In April, Health Tech World will recognise the incredible individuals, companies and products helping to transform health outcomes around the world.
Among the categories is the Innovation of the Year Award, sponsored by Becky Warnes Consultancy.
This promises to be a hotly contested category – and an exciting one.
Ahead of the awards, we round up the top 5 health innovations of the modern era.
English doctor Edward Jenner administered the world’s first vaccination as a preventative for smallpox.
Jenner had noticed that milkmaids who contracted cowpox did not catch smallpox – a much more serious condition.
On May 14, 1796, Jenner scratched the fluid from a cowpox blister into the skin of an eight-year-old boy.
The boy developed a single small blister but soon recovered.
On July 1, Jenner followed the process again, this time with smallpox matter. No disease developed and the vaccine was a success.
Now an indispensable tool in the doctor’s toolkit, the stethoscope has a humble history.
Frenchman René Laennec invented the device as a way to listen to a female patient’s heart without having to place his head on her chest.
Laennec noticed that the rolled-up piece of paper could amplify heart sounds, working much like an ear trumpet.
George Philip Cammann would go on to perfect the design in 1852.
1861: Germ theory
Jenner’s work was hugely influential, and by the 19th century smallpox vaccination was commonplace throughout Europe.
However, doctors still didn’t yet understand how inoculation worked or how the principle could be applied elsewhere.
That is until French chemist Louis Pasteur proved that food spoiled due to bacterial contamination and that these bacteria caused disease.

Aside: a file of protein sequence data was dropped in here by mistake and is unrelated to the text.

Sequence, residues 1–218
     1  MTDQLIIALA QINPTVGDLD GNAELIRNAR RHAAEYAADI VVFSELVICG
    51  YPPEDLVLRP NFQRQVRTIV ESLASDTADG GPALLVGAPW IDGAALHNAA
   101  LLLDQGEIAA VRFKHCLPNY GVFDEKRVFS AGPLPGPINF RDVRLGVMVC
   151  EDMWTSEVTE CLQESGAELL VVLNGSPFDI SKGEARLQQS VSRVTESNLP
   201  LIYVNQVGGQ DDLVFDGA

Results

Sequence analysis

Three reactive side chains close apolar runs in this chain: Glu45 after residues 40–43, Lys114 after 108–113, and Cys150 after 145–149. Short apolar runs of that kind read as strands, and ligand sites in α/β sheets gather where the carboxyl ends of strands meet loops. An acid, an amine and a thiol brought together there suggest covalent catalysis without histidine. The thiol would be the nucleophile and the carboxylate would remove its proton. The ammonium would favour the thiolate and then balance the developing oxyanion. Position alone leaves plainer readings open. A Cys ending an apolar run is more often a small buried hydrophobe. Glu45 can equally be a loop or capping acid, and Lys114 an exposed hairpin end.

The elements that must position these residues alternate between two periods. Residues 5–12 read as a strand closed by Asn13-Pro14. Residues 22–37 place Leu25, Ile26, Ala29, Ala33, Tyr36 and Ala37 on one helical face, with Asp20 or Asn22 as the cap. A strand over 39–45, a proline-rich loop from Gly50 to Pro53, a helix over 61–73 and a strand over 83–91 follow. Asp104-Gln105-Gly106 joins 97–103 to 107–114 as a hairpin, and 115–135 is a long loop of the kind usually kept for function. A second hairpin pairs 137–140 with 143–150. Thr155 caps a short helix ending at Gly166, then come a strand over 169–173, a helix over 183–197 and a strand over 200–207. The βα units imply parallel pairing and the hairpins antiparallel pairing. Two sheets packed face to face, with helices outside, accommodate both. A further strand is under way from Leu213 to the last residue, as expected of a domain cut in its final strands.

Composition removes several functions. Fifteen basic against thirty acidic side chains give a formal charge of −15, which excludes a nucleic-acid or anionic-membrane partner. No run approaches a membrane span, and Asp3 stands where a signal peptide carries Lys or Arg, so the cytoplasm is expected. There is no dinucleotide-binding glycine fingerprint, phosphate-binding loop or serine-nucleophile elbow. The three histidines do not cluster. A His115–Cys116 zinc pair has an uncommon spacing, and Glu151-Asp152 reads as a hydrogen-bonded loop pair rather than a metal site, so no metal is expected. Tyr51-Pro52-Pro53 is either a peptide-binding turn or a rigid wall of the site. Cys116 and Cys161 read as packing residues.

Before now, scientists believed that disease was caused by non-living organisms like dirt.
Wilhelm Conrad Röntgen accidentally discovered X-ray while working in his lab in Wurzburg, Germany.
Röntgen was testing whether cathode rays could pass through glass.
The physicist noticed a glow coming from a nearby chemically-coated screen.
Through experimentation, Röntgen saw that the light would pass through most objects but leave shadows of solid objects.
He would soon discover that the unknown or ‘X’ ray would pass through human tissue, too.
The discovery of penicillin is surely one of history’s happiest accidents.
When Dr Alexander Fleming returned from holiday, he noticed something curious happening in a petri dish of Staphylococcus bacteria.
Mould had formed and appeared to be preventing the bacteria around it from growing.
Fleming realised that the mould produced a chemical that could kill bacteria. He named the substance penicillin.
There’s still time to get your nominations in for the Health Tech World Awards.
Be sure to have your say by January 30.
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